Wednesday, February 8, 2012

One More Writing Style for the Resume

As a Communication major with an English Studies minor, I have written my fair share of papers. I have discussed everything from workplace anger and conflict management styles to Sylvia Plath’s use of symbols and allusions in poetry. Despite a pretty lengthy writing resume, I have never written a feature story. To be honest, I always feel slightly apprehensive when writing in new styles. This is mostly because I sometimes find it difficult to switch from an academic writing style to a more journalistic style. With a feature story, you are not writing about facts or concepts in a book, but trying to tell a story about a person’s life. I personally find telling someone’s life story a big responsibility, but it is a challenge that I believe will be very beneficial in the future.

Despite never writing a feature story, I still believe my diverse background in writing will help me to write a compelling piece. I feel that I have a talent for taking multiple pieces of information, such as pieces from an interview, and compiling them into a fluid document. From recent experience in my internship, I also believe that I know the appropriate time to use quotations and vivid language. I have also learned to adapt my writing style for audience, which is a very important aspect of feature story writing.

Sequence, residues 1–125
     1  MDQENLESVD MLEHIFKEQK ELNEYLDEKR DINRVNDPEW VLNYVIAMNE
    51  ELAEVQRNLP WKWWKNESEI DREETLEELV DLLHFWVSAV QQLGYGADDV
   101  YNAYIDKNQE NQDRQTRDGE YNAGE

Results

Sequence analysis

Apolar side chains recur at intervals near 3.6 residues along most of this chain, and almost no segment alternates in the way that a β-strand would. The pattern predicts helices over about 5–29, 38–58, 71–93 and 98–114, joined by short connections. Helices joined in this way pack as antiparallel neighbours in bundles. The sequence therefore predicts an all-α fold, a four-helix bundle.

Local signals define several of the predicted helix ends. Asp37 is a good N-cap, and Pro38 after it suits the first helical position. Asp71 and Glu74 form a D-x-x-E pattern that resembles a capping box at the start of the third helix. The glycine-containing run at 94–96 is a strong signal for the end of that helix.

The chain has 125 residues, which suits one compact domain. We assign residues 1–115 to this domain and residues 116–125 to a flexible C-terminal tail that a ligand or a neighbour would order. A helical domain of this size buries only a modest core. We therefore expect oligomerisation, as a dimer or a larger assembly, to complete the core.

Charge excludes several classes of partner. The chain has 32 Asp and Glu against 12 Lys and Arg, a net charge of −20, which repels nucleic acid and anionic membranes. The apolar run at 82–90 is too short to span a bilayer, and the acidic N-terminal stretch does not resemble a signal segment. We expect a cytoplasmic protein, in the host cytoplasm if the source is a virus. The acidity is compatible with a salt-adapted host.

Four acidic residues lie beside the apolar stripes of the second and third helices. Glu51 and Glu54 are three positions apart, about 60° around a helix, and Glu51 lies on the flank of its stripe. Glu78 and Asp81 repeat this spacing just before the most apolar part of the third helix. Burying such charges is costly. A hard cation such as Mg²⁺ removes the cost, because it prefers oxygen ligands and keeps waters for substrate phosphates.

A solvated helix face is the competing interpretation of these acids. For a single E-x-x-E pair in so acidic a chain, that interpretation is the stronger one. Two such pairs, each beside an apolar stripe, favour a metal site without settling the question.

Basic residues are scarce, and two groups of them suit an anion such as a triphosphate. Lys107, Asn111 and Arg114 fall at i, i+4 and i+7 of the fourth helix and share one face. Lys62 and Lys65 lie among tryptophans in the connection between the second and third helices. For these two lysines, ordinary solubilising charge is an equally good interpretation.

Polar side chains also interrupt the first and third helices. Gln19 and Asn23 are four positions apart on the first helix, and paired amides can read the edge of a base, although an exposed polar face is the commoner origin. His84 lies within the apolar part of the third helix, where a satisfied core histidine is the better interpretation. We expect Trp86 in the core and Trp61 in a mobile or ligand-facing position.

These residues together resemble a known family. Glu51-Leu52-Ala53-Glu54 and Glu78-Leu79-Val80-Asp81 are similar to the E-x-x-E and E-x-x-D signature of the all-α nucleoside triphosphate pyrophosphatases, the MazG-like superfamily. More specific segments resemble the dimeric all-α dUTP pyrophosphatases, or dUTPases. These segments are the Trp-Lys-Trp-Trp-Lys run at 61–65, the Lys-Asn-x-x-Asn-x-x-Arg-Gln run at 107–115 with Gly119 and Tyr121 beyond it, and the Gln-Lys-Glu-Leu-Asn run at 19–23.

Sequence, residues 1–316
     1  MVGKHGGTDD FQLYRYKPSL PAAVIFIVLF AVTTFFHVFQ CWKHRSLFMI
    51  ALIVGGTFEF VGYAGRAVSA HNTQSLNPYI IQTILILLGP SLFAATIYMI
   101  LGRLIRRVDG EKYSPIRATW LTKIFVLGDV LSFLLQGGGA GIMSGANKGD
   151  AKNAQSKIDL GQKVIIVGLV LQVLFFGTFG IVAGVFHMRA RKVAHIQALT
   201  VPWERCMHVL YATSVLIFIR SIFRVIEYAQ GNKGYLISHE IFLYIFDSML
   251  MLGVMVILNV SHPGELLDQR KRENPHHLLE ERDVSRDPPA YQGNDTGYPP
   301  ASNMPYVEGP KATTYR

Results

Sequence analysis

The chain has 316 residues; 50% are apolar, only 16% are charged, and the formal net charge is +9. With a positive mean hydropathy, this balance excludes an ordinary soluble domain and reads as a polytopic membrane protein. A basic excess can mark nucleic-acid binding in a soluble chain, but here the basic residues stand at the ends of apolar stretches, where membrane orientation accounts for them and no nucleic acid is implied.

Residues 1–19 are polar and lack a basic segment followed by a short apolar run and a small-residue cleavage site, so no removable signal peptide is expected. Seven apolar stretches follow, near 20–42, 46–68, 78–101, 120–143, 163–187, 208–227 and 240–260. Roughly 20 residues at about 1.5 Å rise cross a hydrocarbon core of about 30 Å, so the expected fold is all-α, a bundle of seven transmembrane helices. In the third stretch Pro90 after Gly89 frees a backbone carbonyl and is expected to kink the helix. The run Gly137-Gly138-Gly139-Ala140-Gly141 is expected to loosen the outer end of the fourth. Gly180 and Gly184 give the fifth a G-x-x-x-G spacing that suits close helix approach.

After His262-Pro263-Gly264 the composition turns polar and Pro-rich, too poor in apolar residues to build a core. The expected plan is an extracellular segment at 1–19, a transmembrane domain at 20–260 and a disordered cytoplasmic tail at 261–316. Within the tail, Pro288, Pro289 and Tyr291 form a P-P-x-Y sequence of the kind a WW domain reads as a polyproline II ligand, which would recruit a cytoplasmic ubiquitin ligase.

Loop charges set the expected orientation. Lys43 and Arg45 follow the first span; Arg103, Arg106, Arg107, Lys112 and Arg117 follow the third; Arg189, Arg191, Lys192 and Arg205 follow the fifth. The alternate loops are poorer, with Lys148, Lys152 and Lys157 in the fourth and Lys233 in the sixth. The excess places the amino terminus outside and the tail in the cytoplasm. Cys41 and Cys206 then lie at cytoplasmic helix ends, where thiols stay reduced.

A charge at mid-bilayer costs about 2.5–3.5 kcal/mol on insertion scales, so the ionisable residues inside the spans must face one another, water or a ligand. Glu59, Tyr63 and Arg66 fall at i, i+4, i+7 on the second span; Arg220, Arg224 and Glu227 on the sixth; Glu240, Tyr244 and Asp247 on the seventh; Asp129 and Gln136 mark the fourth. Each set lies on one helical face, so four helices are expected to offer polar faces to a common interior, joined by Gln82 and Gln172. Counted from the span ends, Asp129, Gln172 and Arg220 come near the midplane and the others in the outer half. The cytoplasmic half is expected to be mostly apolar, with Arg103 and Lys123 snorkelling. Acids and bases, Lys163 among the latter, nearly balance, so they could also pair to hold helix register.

When writing my feature story, I feel concerned that I did not gain enough information in the interview process that will allow for me to use my strengths of compiling multiple quotations and pieces of information. I also feel that I may have difficulty switching from academic writing to a more journalistic style in order to avoid the story sounding too bland and impersonal. Overall, I feel that it may be difficult to exceptionally capture the true personality and essence of an individual.

During the video shoot for the admissions office, I noticed that the videographer moved his position multiple times to capture different angles of Rogal Chapel. This was most likely to capture the architectural structure of the chapel, including the stained glass windows. I also noticed that the videographer moved the tripod that held his camera to different levels to also gain different perspectives. With the beautiful stained glass window at the front of the chapel, I also noticed that the videographer chose to showcase this feature by filming at sunset. 

No comments:

Post a Comment